Planning & Management

Oral

395286 - Informing policy choices with regional estimates of flood risk across the United States

Tuesday, June 5
4:00 PM - 5:30 PM
Location: Greenway GH
Co-Authors: Jerry Stedge, Maryland – Abt Associates; Brad Firlie, Maryland – Abt Associates; Pearl Zheng, Maryland – Abt Associates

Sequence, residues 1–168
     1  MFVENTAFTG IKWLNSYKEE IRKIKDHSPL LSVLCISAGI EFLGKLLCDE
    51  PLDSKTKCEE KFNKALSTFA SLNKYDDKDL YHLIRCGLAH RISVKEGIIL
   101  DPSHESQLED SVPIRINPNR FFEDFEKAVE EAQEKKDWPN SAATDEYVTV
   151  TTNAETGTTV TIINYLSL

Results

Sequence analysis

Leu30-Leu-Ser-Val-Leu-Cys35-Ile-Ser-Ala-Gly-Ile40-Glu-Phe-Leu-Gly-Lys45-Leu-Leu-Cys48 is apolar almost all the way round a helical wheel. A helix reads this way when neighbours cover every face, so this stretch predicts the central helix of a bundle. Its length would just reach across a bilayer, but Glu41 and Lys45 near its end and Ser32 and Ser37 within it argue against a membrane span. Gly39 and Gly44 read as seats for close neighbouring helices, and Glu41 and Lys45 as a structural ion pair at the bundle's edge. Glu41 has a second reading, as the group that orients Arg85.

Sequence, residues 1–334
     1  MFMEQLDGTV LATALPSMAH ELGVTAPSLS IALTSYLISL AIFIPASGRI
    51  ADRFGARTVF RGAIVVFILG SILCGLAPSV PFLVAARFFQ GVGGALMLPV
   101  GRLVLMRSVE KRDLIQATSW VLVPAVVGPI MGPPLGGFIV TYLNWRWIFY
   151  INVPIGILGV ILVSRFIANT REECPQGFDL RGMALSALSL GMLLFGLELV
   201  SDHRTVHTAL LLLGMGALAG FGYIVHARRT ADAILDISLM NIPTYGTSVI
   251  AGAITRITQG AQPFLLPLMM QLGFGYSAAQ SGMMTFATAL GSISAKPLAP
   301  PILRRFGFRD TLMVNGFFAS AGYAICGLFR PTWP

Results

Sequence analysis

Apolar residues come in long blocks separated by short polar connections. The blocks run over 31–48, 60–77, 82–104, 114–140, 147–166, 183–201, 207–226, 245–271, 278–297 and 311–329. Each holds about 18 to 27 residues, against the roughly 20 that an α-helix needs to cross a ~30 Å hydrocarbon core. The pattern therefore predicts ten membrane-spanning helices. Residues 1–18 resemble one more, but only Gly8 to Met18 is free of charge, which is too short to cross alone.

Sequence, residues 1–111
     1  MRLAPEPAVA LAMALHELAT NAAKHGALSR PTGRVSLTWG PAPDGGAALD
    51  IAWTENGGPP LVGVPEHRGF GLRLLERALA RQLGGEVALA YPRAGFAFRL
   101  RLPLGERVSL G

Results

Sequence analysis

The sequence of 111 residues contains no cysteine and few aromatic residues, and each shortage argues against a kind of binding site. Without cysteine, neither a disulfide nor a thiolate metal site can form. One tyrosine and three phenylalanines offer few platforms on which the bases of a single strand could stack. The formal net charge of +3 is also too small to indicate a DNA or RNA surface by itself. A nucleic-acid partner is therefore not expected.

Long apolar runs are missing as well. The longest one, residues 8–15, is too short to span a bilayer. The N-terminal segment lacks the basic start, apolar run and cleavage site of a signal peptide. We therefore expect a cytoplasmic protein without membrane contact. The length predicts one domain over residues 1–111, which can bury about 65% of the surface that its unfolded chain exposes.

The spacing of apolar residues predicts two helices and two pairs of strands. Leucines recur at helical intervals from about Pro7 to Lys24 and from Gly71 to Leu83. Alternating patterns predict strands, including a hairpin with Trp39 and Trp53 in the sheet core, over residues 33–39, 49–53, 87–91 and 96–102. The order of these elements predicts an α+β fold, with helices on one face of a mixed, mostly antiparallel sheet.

Floods are known to be the most damaging natural disasters in the U.S. The Federal Government plays a large role in reducing flood risk and recovering from floods, spending billions of dollars each year on programs to reduce flood risk, including building and maintaining flood control infrastructure, mapping areas prone to flood, subsidizing flood insurance, and providing grants to localities to implement local risk management projects. Further, in recent years large flood disasters have resulted in repeated emergency expenditures. With growing fiscal pressures at the Federal level and on-going discussions about the role of the Federal in flood management, there is a need to better understand how flood risk and resilience vary across the United States. This paper reports on an effort to develop a national flood risk characterization using data from the Federal Emergency Management Agency (FEMA), the U.S. Census, U.S. Geological Survey (USGS), the U.S. Army Corps of Engineers (USACE), and other sources. The analysis relies on mapping of the 1% annual chance exceedance flood as a proxy for overall hazard and risk. FEMA’s National Flood Hazard Layer, which includes geospatial data on all mapped 1% ACE floods, is used with USGS National Elevation Dataset to estimate a distribution of flood depths across all floodzones in the U.S. Mapped floodzones are then overlaid with Census blocks to estimate population and building exposure. Exposure is assumed to be proportional to areal overlap of Census blocks and floodzones, with population derived from Census data and building inventory coming from FEMA’s HAZUS. Finally, damages are estimated for exposed buildings using standard depth-damage functions from FEMA and USACE. Exposure and damage estimates are summed to counties and HUC-8 watersheds for comparing risk across different areas of the U.S. Results are compared to more detailed local and regional studies for validation.

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